Monthly Archives: January 2009

Gaza Attack

First a unilateral occupation of a people via their land, then fighting and killing children under the pretext of ‘national security’ now phosphorus burns. What next? Can Israel get away with anything? Isn’t there a limit to what the world will tolerate?

Let me clarify. I am not against Israelis right to defend their ‘country’. And I put the word ‘country’ in quotes for a specific reason: it’s not really still their country is it? The land which they called theirs was rudely taken away from 3million people and handed it over to the Jews coz of what Europe did to them. What did the world expect the 3million people do to? Disappear into thin air? Some articles (I shall post them when I have the time) suggest that these displaced people should be assimilated into society by the other Arab countries. But why? Just coz the western world, which is responsible for all the atrocities on the Jews, decide that the Jews should get the land? What logic is that? If these 3 million were given an alternative plot of land where they could live and they were happy in, then it would be a different issue. But that’s not the case.

And what is Israel doing now? Are the unilateral actions they are undertaking going to help them in anyway? On the contrary, it is going to fuel the anger even more and really get people mad. Farmers who used to deal with the Israelis on a daily basis will refuse to do so now seeing how the very same Israelis have ruthlessly burned their families down. And I think Israel deserves this enmity, given the way it has acted.

One does not make friends out of killing one’s ‘enemies’. One makes friends out of compassion and sympathy.

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What next?

It’s been a crappy start to P3 so far. First is the schoolwork, there are more readings to do, meetings to schedule and attend, assignments to hand in than both P1 and P2 combined. Added to that is a violent diarrhoea, 40 degree fever and non-stop cough.

It’s the cough which is the killer. Deep-throated, it comes straight from the stomach and makes the world stand still. Tearing like a baby, I can do nothing but keep coughing until the lungs have had their say. Needless to say, my stomach muscles are getting a good excercise out of all this!

And to top it all off, I just got rejected by a company which made merun around for interviews for the past 4 months. Not a good start to any period 😦 

 

Claude-François-Dorothée de Jouffroy

A young French nobleman demonstrates the first successful steamboat on the River Saône at Lyon. Fame and fortune would elude the inventor.

Claude-François-Dorothée de Jouffroy, the Marquis d’Abbans, was serving in the infantry in 1772 when multiple infractions of military discipline sent him to the prison near Cannes. While watching convicts rowing galleys there, he began speculating on how the new-fangled steam engine could power boats.

After his release, de Jouffroy went to Paris in 1775 to study the latest steam tech. He used a Newcomen engine on his steamboat 1.0. The engine of this 42-foot steamship moved oars equipped with rotating, hinged flaps modeled on the webbed feet of waterfowl. He called it the Palmipède, or Webfoot, and he tried running it on the Doubs, a tributary of the Saône, in June and July of 1776. Tried is the operative word here, or perhaps we should say, inoperative.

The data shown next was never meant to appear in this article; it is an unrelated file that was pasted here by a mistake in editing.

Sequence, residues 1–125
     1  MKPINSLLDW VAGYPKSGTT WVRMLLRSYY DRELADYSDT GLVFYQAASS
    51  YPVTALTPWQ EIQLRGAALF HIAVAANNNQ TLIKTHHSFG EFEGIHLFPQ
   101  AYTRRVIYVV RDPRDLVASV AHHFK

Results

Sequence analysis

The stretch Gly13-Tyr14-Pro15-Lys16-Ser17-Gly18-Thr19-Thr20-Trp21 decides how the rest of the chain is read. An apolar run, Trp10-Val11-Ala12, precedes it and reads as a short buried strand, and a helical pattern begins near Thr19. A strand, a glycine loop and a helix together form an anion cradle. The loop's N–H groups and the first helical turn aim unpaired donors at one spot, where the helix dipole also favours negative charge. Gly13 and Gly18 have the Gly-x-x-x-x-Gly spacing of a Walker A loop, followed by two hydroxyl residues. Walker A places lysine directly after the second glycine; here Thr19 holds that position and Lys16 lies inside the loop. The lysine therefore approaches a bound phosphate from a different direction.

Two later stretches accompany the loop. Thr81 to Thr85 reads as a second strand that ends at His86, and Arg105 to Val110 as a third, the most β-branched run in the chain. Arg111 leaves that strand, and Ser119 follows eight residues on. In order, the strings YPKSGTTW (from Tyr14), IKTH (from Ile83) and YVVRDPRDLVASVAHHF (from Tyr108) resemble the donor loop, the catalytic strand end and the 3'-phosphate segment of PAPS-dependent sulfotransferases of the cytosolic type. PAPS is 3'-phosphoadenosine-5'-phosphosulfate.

Undaunted, de Jouffroy adapted James Watt’s designs to build a parallel-motion, double-acting steam engine. He put that in a boat named the Pyroscaphe (from the Greek for fire-boat). Instead of ungainly and inefficient mechanical duck feet, this boat was equipped with two large paddle wheels (like those used to power water mills), one on each side of the hull.

The Pyroscaphe was three times the size of his earlier attempt: more than 148 feet long, with a beam of nearly 15 feet. It displaced 163 tons and carried a crew of three. The horizontal engine moved a reciprocating double rack, which geared to ratchet wheels on a shaft that carried the paddle wheels.

The waning years of the ancien régime were a time of considerable innovation in France. Brothers Joseph and Jacques Montgolfier had demonstrated the first hot-air balloon capable of carrying passengers just six weeks earlier, and thousands of people lined the banks of the Saône when de Jouffroy showed his pride and joy in Lyon.

The Pyroscaphe steamed upstream at 6 mph without a sail, and the crowds cheered this technological marvel. But after 15 minutes, the boat began to break up under the pounding of the engine. De Jouffroy quickly and cannily steered the boat ashore, and then bowed to the cheering multitudes.

The marquis continued experimenting on the Saône for 16 months. Still, the French Academy of Sciences refused to recognize his achievement, ostensibly because the demonstration was not done in Paris, but perhaps because of the jealousy of rival inventors.

The French Revolution soon ensued, and though the nobleman kept his head, he never got his patent: not from the republic, not from Napoleon (a “usurper” to whom the legitimist de Jouffroy would not even apply for a patent), not from the restored Bourbon monarchy and not from citizen-king Louis Philippe.

De Jouffroy ended life discouraged and poor in France’s grand old soldiers’ home, the Hôtel des Invalides. He died of cholera in 1832, at age 80.

American steamboat pioneer Robert Fulton, whose own experiments began not on the Hudson but the Seine, acknowledged that “if the glory … belongs to any one man, it belongs to the author of the experiments made on the River Saône at Lyons in 1783.” The solons of France’s Third Republic finally acknowledged de Jouffroy with a statue in 1884.

Source: Catholic Encyclopedia, others